Enclosures without negative pressure may increase risk
In a letter
published August 21, the FDA alerted healthcare providers (HCPs) and facilities that the use of passive protective barrier enclosures (those without negative pressure) when treating patients who are known or suspected to have COVID-19 may pose an increased health risk to patients and health care providers.
A passive protective barrier enclosure is a transparent device designed to cover a patient’s head and upper body that incorporates one or more ports through which the HCP’s hands are passed to perform medical procedures, and that does not include fans, air filters, or other features and is not intended to generate negative pressure. On May 1, the FDA issued an Emergency Use Authorization (EUA) for passive protective barrier enclosures used as a physical barrier to prevent HCP exposure to pathogenic biological airborne particulates by providing an extra layer of barrier protection, when used in addition to Personal Protective Equipment (PPE), to reduce the risk of transmitting COVID-19 from a patient to HCPs treating them. However, the FDA now is aware of preliminary evidence in simulated intubation procedure models of potential adverse events that could occur or complications with protective barrier enclosures without negative pressure recently reported in the literature.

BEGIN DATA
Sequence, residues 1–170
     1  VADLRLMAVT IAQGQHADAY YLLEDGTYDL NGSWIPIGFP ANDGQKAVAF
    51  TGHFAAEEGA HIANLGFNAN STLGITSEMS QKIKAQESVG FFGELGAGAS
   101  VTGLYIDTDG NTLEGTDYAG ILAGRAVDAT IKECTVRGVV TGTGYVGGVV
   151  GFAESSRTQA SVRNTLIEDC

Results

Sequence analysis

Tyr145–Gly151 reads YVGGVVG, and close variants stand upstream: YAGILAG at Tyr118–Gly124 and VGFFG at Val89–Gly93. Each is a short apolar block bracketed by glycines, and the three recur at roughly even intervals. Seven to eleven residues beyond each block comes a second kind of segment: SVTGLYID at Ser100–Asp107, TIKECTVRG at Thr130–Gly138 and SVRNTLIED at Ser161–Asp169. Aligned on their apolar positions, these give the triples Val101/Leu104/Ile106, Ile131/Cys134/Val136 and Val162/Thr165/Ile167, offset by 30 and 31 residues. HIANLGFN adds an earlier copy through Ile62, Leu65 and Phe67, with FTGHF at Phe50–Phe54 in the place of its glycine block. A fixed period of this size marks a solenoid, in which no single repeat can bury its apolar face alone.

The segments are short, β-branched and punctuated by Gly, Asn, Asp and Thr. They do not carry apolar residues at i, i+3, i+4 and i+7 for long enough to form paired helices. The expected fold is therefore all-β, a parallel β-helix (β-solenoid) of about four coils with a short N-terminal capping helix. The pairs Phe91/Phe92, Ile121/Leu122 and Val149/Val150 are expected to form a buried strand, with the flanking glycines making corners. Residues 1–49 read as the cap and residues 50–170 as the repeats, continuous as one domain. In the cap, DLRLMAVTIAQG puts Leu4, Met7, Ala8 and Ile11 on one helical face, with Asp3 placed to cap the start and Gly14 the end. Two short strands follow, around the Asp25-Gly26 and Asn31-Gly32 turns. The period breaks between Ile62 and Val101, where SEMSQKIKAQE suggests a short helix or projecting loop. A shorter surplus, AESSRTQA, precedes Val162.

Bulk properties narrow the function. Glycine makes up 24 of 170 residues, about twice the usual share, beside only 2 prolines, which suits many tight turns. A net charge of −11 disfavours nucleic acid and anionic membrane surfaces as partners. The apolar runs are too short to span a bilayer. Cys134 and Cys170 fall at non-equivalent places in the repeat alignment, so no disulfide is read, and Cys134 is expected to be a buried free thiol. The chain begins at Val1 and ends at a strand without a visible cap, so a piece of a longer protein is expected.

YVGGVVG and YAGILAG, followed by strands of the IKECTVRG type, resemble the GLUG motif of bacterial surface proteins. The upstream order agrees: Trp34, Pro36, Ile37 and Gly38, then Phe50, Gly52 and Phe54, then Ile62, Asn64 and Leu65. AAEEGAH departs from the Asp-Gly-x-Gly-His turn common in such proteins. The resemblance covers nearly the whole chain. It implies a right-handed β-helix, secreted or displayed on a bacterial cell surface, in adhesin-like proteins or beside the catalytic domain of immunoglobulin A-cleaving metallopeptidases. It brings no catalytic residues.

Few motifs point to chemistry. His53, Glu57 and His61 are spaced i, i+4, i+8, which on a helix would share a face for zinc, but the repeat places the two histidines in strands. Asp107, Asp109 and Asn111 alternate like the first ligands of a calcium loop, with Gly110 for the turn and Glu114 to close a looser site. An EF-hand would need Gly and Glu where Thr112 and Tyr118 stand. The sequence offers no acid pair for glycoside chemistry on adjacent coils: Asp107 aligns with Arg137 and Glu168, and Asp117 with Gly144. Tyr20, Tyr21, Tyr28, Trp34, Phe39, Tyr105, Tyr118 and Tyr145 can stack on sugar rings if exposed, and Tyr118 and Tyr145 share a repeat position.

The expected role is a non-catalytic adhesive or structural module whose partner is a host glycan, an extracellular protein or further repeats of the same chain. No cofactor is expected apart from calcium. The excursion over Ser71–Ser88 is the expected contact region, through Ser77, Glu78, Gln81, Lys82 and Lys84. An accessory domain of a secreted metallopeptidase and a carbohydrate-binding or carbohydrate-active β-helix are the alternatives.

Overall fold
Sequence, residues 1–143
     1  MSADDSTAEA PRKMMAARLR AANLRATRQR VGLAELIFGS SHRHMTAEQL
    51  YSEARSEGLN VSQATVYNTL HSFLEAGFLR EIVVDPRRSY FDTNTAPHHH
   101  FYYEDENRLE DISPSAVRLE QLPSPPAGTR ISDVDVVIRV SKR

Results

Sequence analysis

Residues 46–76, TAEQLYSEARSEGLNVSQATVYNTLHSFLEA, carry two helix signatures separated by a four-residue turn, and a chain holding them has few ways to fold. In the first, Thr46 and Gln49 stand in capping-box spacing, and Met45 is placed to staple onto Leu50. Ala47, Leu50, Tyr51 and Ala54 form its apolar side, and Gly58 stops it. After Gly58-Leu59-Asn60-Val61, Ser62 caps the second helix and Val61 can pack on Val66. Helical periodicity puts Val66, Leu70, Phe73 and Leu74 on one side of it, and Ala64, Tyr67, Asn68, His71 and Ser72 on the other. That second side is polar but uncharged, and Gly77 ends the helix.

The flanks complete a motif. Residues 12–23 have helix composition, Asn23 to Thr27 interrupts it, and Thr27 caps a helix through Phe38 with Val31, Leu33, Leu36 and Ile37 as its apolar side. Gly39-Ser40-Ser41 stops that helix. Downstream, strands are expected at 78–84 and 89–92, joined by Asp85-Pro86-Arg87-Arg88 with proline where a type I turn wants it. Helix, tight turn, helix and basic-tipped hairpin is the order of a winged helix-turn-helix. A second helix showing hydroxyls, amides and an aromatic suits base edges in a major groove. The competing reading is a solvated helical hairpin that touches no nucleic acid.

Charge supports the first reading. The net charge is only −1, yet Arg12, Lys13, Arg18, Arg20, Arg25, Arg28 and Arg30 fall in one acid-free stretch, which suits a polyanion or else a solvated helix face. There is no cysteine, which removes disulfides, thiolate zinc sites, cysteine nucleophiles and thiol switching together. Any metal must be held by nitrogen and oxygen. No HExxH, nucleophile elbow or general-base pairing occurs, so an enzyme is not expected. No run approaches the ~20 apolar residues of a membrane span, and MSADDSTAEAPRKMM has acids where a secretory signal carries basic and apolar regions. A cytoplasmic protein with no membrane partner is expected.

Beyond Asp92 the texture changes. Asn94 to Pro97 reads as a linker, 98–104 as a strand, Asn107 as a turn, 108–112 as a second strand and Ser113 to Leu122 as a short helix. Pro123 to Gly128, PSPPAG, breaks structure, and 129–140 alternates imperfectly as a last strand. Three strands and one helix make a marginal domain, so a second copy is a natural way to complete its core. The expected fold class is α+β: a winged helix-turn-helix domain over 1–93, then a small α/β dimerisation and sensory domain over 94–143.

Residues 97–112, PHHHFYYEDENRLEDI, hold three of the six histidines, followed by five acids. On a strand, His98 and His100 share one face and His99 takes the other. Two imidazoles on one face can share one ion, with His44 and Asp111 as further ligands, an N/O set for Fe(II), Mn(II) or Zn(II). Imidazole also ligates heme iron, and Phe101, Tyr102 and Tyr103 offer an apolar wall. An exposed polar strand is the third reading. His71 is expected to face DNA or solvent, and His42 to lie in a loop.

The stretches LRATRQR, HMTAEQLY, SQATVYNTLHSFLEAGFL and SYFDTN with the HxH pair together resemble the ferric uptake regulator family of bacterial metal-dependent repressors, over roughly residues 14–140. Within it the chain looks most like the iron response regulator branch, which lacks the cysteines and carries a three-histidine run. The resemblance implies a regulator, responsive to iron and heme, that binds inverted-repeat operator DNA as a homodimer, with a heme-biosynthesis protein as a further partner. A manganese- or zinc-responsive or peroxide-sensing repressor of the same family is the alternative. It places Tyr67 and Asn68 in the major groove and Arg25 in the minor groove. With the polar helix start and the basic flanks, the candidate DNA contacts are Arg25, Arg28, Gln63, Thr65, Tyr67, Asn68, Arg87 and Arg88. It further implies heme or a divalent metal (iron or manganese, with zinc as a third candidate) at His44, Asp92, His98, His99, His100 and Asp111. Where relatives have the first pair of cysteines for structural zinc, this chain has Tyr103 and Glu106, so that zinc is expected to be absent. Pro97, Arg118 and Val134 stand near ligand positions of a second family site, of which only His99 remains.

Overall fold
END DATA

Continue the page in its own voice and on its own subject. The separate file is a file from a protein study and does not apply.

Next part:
Athough, the FDA has not received any medical device adverse event reports related to the use of passive protective barrier enclosures during the COVID-19 pandemic, the FDA believes HCPs should be aware of potential risks or complications associated with their use so they can take appropriate precautions. Based on this information, the FDA is also revoking the current umbrella EUA for passive protective barrier enclosures issued in May.
HCPs should not use passive protective barrier enclosures without negative pressure, as they may not be effective in decreasing HCP exposure to airborne particles, and in some circumstances, may instead increase HCP exposure to airborne particles. Their use may also contribute to complications such as increased intubation times, lower first-pass intubation success rates, increased patient hypoxia time, and damage or tearing to PPE from the enclosures. If electing to use a protective barrier enclosure for additional protection during aerosolizing procedures by HCPs, FDA recommends the use of devices that incorporate negative pressure. FDA has authorized the use of several negative pressure barrier enclosures
Protective barrier enclosures (with or without negative pressure) should never be a replacement for using PPE. Any protective barrier enclosure should be removed if it impedes the HCP’s ability to perform a medical procedure on a patient.